Insider Interviews by David Furer – Presenting Kermit Lynch
Kermit Lynch is one of the most well-known and earliest importers of French wines into the US. He is also the author of Adventures on the Wine Route which was recently re-released. The original, along with David Darlington’s The Heartbreak Grape was one of the first American wine biographies of the business’s ‘new wave’. Less known is that he has released 4 albums. I recently caught up with Kermit to pick his brain.
Looking at things as they are now externally, if you began your ‘wine road’ today, how would it differ from when you actually did it?
In the beginning I was almost alone exploring small, family-owneddomaines in France and Italy. Today I have countless competitors. Finding producers that are not already imported is more difficult now, especially for popular wines like Sancerre.
How do you view your influence upon the US ‘palate’ as per the spate of high-quality/low-volume/minimal supplier branding, specialist importers following in your wake?
I’d like to think that I had something to do with it. I’d like to think that finally the oaky inky monster has some competition. And I think that if the small farmers who work for achieving the highest quality can fine markets and thrive, we’ll all be better off.
Have US palates shifted since you began selling wine and, if so, how?
In the epilogue to the new edition of ‘Adventures On The Wine Route’, I discuss the way the American taste has changed. We went through a period when the fad was for monster-sized wines that had a strong taste of oak. Now ‘natural wines’ are hip, and size doesn’t seem as important.
Why did you wait over 20 years to release a new edition of the book?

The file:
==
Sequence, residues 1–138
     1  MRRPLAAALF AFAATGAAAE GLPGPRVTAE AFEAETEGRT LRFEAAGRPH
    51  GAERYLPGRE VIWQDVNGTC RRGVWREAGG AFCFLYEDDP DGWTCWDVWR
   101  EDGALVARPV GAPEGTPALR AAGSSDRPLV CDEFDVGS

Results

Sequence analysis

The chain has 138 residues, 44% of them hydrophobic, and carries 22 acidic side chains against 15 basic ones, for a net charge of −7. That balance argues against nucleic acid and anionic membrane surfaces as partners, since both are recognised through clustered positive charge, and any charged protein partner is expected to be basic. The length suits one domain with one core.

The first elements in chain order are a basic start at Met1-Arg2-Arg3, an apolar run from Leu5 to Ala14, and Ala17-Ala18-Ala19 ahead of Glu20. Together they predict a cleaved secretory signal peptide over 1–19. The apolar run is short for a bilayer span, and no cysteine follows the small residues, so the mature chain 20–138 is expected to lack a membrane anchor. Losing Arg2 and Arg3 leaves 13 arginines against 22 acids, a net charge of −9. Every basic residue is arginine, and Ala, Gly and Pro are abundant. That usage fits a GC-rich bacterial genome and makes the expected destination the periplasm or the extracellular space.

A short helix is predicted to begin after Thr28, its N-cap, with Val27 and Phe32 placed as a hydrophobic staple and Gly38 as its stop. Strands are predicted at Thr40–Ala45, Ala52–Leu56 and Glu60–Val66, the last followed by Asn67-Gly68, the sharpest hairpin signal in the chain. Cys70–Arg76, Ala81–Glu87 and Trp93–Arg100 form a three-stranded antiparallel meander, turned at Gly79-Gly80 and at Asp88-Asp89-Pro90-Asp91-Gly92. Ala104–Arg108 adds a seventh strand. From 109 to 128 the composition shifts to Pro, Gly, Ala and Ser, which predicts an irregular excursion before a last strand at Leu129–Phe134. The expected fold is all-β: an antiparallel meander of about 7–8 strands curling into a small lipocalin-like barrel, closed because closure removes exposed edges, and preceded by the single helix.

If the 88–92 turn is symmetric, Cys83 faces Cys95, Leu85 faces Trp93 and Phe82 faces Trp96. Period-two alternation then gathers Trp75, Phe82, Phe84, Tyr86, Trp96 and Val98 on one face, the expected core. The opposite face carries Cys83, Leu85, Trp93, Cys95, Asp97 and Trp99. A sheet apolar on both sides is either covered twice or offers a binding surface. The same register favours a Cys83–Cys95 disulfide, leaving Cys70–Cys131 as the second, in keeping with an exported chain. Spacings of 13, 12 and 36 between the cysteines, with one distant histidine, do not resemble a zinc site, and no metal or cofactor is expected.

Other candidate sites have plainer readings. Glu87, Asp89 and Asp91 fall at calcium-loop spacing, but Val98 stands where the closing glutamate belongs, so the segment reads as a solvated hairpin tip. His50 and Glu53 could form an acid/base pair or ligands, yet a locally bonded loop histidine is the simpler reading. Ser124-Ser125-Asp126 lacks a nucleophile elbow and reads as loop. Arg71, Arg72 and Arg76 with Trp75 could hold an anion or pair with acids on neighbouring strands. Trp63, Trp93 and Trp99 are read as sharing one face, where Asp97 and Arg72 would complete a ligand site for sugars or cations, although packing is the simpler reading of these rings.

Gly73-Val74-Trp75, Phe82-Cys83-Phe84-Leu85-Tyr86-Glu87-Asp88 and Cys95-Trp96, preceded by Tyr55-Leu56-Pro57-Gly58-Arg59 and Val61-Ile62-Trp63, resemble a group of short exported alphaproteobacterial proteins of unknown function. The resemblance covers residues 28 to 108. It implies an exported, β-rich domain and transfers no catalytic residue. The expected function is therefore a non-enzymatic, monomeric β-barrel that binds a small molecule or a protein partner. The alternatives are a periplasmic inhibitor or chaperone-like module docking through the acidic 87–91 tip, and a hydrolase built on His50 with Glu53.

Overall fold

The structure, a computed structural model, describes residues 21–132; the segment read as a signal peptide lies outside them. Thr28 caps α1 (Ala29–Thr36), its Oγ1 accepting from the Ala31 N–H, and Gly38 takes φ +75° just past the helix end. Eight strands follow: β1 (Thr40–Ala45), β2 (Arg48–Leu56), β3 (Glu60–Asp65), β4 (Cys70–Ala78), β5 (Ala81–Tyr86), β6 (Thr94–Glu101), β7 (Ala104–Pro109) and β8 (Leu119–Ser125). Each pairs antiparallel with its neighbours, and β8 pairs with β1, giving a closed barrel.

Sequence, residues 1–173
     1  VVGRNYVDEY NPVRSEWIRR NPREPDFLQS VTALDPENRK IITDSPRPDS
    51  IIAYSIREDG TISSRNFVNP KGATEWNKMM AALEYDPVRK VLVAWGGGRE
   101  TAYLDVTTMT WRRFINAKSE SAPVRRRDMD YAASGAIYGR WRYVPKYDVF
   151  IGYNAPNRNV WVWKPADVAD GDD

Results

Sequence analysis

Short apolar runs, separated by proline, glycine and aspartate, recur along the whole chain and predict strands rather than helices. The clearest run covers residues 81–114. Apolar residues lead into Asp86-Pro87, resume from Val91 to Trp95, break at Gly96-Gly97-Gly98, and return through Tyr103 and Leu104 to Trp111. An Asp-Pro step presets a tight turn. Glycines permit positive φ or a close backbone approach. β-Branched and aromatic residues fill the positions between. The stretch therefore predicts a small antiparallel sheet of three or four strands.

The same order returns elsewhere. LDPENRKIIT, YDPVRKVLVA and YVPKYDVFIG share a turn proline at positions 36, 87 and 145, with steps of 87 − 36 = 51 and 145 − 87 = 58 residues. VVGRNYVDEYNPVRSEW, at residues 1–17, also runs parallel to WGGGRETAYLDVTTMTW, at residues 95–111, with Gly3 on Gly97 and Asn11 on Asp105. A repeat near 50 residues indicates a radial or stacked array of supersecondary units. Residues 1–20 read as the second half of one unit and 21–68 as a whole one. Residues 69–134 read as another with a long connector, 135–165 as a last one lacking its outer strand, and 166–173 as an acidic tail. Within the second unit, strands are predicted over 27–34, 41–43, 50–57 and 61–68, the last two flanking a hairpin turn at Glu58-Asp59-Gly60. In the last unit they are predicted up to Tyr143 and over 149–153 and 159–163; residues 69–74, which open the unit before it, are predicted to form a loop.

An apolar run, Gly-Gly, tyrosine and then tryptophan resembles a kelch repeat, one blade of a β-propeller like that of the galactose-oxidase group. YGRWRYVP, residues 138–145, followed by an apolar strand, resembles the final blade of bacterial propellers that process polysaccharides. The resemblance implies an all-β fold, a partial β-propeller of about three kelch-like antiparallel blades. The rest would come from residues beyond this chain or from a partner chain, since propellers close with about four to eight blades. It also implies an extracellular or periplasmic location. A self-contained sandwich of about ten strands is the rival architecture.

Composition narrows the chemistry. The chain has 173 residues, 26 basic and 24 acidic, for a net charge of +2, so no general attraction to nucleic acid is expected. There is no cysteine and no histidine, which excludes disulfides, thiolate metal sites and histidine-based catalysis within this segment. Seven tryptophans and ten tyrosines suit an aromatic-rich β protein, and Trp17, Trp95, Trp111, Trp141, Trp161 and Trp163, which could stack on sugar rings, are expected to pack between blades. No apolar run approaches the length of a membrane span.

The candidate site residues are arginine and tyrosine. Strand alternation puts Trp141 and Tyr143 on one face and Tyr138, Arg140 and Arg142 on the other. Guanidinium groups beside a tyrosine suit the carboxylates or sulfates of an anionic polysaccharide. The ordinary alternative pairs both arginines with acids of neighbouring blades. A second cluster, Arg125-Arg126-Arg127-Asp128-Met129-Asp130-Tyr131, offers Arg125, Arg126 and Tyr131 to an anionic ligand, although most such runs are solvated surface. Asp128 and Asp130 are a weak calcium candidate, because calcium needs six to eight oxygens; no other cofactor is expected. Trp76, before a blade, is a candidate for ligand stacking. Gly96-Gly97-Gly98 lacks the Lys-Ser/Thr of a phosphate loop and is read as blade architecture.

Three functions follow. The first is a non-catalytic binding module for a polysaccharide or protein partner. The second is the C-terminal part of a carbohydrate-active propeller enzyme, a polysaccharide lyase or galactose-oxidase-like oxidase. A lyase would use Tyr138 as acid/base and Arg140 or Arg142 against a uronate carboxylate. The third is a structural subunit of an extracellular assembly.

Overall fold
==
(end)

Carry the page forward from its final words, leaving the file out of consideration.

The 25th anniversary edition was the idea of the publisher Farrar, Straus, and Giroux. That was good for my pride, to see the book considered a classic and still relevant.
Looking back on the selections you’ve made for KL Imports, which do you wish you’d included earlier than you did or missed and wished you hadn’t?
In the 1970s, I passed up the opportunity to import Bruno Giacosa’s wine. That still hurts my pride.
Which producer you’ve selected is the one who most greatly exceeded your sales expectations in the long-term?
When I began importing the Sancerre of Hippolyte Reverdy, I told him I’d need about fifty cases a year. Now I could sell their entire production four or five times over.
What is the future course of the KL businesses?
I’ll maintain the same standards I always have. In Dixon Brooke, who now runs the company with me, I’ve found a real gem. I trust him completely, and he is now doing the buying with me. My son just got out of Cornell, and he’s now begun working with me. He speaks French and Italian, he tastes well. I hope he sticks to it, because it’s a great job and I’ve loved working in the métier. It would be hard to name a job more pleasant and fulfilling.
What is the future of Corsican wine in the US market?
I don’t really think much about markets, and have no idea about the future of anything.
Aside from forays into Alsace and Alto Adige, which fit neatly into your self-imposed focus of first France and then Italy, you’ve steered clear of working with Germanic wines of all kinds anniversary edition was the idea of the publisher Farrar, despite their rapid rise in quality. Why?
For around thirty years I’ve been number one or two in terms of quantity of Alsatian wines imported into the US. Today I import four domaines from Alsace: Ostertag, Kuentz-Bas, Meyer-Fonne, and Boxler. The cream of the crop. I have steered clear of German wines because there’s so much to do in Italy and France, and I can’t do everywhere, so I don’t try.
What must a sommelier wishing to enter the importer sales business know before attempting the transition?
When you’re a sommelier, the sales people come to you and kiss your ass. As an importer, you’ve got to go out, knock on doors, and try to get your wines sold. Huge difference.
How has your involvement in listening and performing music impacted your appreciation of wine?
No impact at all, however I always take some of my wines to the recording sessions in Nashville, and those players might be impacted a little bit when they accompany me.